By doing this exercise you’ve just begun to tap into your quality world picture and identify those things that truly fulfil you. The things that you crave for an imagined ideal day are also the very things that help you identify which of your 5 basic needs (i.e. Survival, Love and Belonging, Fun, Freedom and Power) are most important to you, as well as the ways you like to meet those needs. Also, when you think about each of these five areas, consider the ones in which you are not feeling as fulfilled as you would like. These are a great starting point for identifying and implementing new self-care habits.

To conclude, I invite you to choose one thing that you are not currently doing but know that if you were to do it regularly, would make a significant, positive difference to your health and happiness. Now, go do it!

Written by Melissa Strader

First published in Melissa’s Enjoy Parenting website.


De Bara, D.(2019) Why Self-Care Is The Secret To Becoming A Productivity Powerhouse Retrieved from

Carter, C (2015) The Sweet Spot: How to Accomplish More by Doing Less. New York, Ballantine Books

Barbara L. Fredrickson, Roberta A. Mancuso, Christine Branigan, and Michele M. Tugade. (December, 2000) “The Undoing Effect of Positive Emotions.” Motivation and Emotion 24, no. 4, p.237-258 in Carter, C (2015) The Sweet Spot: How to Accomplish More by Doing Less. New York, Ballantine Books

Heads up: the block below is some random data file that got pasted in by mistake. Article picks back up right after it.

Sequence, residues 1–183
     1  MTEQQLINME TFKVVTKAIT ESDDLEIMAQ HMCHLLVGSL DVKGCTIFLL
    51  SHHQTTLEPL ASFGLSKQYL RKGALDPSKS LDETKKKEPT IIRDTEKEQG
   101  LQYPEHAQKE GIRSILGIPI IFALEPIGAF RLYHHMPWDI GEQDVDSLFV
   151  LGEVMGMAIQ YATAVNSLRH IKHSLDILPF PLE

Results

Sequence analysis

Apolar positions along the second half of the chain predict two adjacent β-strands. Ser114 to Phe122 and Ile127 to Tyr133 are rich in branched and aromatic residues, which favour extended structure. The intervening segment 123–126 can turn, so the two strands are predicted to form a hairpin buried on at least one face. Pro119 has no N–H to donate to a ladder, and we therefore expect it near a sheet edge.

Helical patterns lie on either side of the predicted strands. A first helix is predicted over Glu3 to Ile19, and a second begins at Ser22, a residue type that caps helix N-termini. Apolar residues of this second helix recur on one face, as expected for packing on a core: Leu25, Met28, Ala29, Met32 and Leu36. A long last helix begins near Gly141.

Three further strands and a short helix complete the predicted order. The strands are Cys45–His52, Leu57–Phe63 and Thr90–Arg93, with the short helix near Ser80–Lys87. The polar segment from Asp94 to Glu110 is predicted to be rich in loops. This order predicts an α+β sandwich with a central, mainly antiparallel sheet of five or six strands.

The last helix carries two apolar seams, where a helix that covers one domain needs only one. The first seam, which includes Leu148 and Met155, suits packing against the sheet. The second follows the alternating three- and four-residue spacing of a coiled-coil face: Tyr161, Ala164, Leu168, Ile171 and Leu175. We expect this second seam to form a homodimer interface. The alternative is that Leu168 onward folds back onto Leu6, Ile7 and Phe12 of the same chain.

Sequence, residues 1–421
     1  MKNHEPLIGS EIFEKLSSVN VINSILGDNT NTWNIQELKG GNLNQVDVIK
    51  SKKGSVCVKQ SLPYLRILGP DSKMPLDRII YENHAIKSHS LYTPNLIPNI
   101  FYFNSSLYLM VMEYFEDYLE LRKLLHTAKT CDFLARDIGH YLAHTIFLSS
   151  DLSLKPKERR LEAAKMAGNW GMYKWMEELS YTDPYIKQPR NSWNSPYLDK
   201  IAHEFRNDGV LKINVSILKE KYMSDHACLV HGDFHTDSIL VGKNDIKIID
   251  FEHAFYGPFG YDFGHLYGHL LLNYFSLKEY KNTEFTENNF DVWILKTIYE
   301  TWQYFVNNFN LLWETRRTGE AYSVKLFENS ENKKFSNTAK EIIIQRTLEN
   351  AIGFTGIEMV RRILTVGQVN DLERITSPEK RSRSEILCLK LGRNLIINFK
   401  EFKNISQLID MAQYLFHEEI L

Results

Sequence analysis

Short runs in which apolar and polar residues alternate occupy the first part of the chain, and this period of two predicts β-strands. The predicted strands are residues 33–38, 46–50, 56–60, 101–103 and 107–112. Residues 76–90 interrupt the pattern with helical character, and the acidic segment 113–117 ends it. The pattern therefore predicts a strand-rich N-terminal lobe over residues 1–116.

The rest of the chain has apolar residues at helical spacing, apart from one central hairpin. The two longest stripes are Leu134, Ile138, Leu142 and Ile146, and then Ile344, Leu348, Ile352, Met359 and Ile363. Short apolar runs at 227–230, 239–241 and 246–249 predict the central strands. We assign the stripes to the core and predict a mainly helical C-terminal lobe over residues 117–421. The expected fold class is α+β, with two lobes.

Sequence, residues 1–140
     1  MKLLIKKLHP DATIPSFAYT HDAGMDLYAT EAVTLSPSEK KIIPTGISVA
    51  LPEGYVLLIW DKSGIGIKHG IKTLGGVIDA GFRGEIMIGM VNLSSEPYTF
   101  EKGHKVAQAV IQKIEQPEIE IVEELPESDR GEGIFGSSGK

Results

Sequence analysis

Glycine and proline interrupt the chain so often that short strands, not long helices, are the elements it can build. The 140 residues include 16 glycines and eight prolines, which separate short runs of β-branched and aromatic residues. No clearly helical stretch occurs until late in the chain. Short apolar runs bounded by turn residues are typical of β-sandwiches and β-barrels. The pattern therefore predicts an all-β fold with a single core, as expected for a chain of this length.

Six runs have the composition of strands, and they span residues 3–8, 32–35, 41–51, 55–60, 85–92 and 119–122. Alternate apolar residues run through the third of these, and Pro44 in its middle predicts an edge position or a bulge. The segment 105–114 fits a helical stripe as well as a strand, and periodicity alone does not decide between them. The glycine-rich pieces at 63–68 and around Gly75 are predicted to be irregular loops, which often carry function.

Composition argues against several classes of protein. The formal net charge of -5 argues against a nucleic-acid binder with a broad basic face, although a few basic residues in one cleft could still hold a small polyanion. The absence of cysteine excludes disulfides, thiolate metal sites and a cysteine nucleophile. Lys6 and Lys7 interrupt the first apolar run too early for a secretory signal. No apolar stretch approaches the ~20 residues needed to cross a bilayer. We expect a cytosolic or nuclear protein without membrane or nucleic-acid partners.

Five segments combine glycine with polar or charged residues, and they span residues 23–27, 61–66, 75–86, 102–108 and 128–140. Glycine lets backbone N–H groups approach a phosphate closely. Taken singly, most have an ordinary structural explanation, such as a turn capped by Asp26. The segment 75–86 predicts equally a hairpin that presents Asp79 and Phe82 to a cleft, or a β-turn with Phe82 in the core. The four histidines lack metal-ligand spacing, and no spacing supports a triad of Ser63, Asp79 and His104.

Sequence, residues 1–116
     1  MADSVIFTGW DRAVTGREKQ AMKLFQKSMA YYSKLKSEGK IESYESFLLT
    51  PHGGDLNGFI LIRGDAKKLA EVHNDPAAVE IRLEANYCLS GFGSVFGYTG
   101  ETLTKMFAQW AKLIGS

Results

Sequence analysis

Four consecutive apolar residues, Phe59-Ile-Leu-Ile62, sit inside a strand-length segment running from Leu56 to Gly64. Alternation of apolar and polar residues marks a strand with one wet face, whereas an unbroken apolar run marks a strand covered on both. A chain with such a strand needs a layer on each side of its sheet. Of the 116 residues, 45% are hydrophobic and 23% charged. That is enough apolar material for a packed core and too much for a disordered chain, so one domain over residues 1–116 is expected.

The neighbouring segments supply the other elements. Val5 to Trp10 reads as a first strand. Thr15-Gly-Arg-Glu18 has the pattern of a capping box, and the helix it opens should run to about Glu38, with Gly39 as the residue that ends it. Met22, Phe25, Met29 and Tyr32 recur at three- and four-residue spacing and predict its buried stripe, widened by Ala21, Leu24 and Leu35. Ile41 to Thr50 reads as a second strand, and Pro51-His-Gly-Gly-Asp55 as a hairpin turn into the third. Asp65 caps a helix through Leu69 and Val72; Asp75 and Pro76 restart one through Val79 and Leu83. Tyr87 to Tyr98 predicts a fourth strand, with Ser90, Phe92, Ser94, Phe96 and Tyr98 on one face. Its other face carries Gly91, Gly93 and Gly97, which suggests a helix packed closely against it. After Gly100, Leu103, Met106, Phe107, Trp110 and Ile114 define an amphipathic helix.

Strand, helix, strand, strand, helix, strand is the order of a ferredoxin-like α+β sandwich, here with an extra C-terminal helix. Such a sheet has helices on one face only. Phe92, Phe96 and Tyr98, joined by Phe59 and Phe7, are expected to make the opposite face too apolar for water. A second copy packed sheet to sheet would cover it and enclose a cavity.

Glasser, W. (2011) Take Charge of Your Life. Bloomington, iUniverse, Inc.

Hall, J. (2020) Self-Care Isn’t Just Good For You – It’s Also Good For Productivity. Retrieved from

Markham, L. (2018) Want to Wake Up Jazzed About the Day Ahead? Commit To Radical Self Care. Retrieved from (2020) Why Teacher Self-Care Matters and How to Practice Self-Care in Your School. Retrieved from Why Teacher Self-Care Matters and How to Practice Self-Care in Your School

Wei, M. (2018) Self-care for the caregiver. Retrieved from

Melissa Strader

Melissa Strader

Redlands, Brisbane and Gold Coast, QLD

Melissa is passionate about children and parenting! In fact, it was from her personal desire to parent well that her business, Enjoy Parenting was born. Her ongoing vision is to help parents, and teachers build stronger relationships with children based on connection and empathy. For it is only with happier parents that we will have happier children. Melissa supports families to achieve greater calmness and connection. Melissa has over 25 years of experience working with children, teachers and parents and is continuing to learn every day how to become a better parent to her own two children. She is proud to be an authorised Parent Effectiveness Training (P.E.T.) Instructor with Gordon Training International. Melissa is Reality Therapy Certified (RTC) with the William Glasser Institute of Australia and a registered teacher and Art Therapist.